This multi-faceted, variable process is accidentally brilliant. Accidentally because the states themselves and the state party structures were set up independently, over a period of decades, and through their own localized self interest developed whatever delegate process they thought would serve their own constituents best. Each of these statewide party representatives are individuals who got involved in the process because they wanted to influence the outcome however they could.

Perfect? Not at all. But it does keep political power less concentrated and more diverse. And that benefits us all.

Confusing? Yes. Corrupt? Not likely; it is just too diversified, too disconnected for full centralized control. Those who argue for pure democracy would do well to recognize the dangers of mob rule. Is that what you really want? How long would our society survive if that were how we decided things?

Don’t like the outcomes? Get involved. But regurgitating easy and disingenuous slogans which tend only to stoke emotional fervor is destructive. It is the very thing that lead to the rise of some of history’s most wretched atrocities. One only need look to 1789 France to appreciate the horror of the mob. Our elected officials, particularly in the last three election cycles, have not been as representative as many had hoped they would be as to the direction of the country, the size, scale and scope of government’s influence in our daily lives. But to allow that disappointment and frustration to literally blow up the layered system meant to protect us from ourselves is precisely what some advocate for – an utter collapse of the system allowing for who knows what.

It should be noted that what makes government necessary is at the same time the very thing that requires government be restrained and limited in size, scale and scope. Otherwise, we cease being even the imperfect representative republic.  The Constitution acknowledges the imperfections of humanity and attempts to allow each of us to enjoy individual liberty to pursue life as we envision it. It seeks to protect our God-given, unalienable rights by preventing each of us from using political power to our own advantage over one another. And while, we’ve done considerable damage to that bulwark, it is not yet fully lost.

But, if the tone and language, accompanied by blind, emotional outrage and verbal assaults are any indication, we could inadvertently usher in that which disassembles the very thing that ensures each and everyone of us are able to continue being a free people, to enjoy life as we would pursue it.

“Those who would give up essential Liberty, to purchase a little temporary Safety, deserve neither Liberty nor Safety.”

– Benjamin Franklin

  1.  PGA Tour Career Money Leaders History
  2. The Democratic Party delegate process has what are known as “super delegates”. These delegates are solely controlled and assigned by the DNC directly to the candidate the Party decides, not the voters. CNN interview DNC Chair Debbie Wasserman Schultz explaining this: https://youtu.be/w5llLIKM9Yc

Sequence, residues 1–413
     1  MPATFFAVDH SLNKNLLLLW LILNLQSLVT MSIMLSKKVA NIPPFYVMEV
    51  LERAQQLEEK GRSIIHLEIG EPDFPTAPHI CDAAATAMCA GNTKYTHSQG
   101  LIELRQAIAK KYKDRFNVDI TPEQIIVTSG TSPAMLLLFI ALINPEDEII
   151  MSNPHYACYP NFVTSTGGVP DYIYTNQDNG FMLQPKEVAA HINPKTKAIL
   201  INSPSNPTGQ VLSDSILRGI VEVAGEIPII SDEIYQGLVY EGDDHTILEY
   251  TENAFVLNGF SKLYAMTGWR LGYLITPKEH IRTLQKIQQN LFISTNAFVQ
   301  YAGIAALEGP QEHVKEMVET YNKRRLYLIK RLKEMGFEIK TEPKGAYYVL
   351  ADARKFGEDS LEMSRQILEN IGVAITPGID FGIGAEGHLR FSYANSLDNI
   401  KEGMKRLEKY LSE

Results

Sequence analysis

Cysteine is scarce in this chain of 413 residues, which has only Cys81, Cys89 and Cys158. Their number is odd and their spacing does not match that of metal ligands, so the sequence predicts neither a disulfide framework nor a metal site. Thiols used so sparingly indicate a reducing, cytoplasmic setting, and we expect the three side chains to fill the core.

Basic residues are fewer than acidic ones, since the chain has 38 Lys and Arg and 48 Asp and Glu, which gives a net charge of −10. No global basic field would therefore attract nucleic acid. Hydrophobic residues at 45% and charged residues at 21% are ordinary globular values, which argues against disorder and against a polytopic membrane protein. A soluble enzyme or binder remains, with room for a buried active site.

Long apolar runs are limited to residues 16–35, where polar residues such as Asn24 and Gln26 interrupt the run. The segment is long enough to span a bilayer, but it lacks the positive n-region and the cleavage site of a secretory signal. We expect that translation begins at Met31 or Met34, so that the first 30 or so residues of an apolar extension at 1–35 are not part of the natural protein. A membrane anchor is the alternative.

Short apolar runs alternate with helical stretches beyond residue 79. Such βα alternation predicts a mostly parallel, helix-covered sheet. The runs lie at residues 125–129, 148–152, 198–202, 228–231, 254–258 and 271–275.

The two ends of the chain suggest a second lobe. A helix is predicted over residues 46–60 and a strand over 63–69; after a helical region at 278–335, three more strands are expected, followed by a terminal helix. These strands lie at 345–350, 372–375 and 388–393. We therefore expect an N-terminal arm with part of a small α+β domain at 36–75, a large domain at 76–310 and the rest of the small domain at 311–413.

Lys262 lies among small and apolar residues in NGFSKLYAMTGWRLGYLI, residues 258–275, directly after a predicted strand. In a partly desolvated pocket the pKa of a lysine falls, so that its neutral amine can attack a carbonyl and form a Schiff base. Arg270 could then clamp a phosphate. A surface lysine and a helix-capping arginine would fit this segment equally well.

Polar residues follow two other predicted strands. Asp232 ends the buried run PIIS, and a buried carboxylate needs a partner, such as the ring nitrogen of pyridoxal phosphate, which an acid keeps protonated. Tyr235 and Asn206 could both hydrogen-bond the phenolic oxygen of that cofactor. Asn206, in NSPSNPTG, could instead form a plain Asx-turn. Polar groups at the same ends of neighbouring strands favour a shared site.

Lex Rex
April 20, 2016

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Why it Matters that the United States Is (Supposed to Be) a Republic, not a Democracy

Why it Matters that the United States Is (Supposed to Be) a Republic, not a Democracy

If you want to go to a Presbyterian church instead of a Baptist church, should the government be able to interfere with that choice? Even if, for some bizarre reason, 95 percent of the population doesn’t like Presbyterians?

If you want to march up and down the sidewalk in front of City Hall with a sign that says the Mayor is an idiot, should the government be able to throw you in jail? Even if 95 percent of the population somehow has decided the Mayor is a genius?

Most Americans instinctively understand that the answer to all these question is no. Not just no, a big emphatic NO!

That’s because certain rights are guaranteed by our Constitution, regardless of whether an overwhelming majority of our fellow citizens feel otherwise.

And that’s what makes us a republic rather than a democracy.

But the bad news is that many of our rights in the Constitution no longer are protected.

For instance, Article I, Section 8, specifically enumerates (what are supposed to be) the very limited powers of Congress.

Our Founding Fathers thought it was okay for Congress to have the power to create courts, to coin money, to fund an army, and to have the authority to do a few other things.

But here are some things that are not on that list of enumerated powers (and certainly not included in the list of presidential powers either):

And the list could go on for several pages. The point is that the entire modern Washington-based welfare state, with all its redistribution and so-called social insurance, is inconsistent with the limited-government republic created by America’s Founders.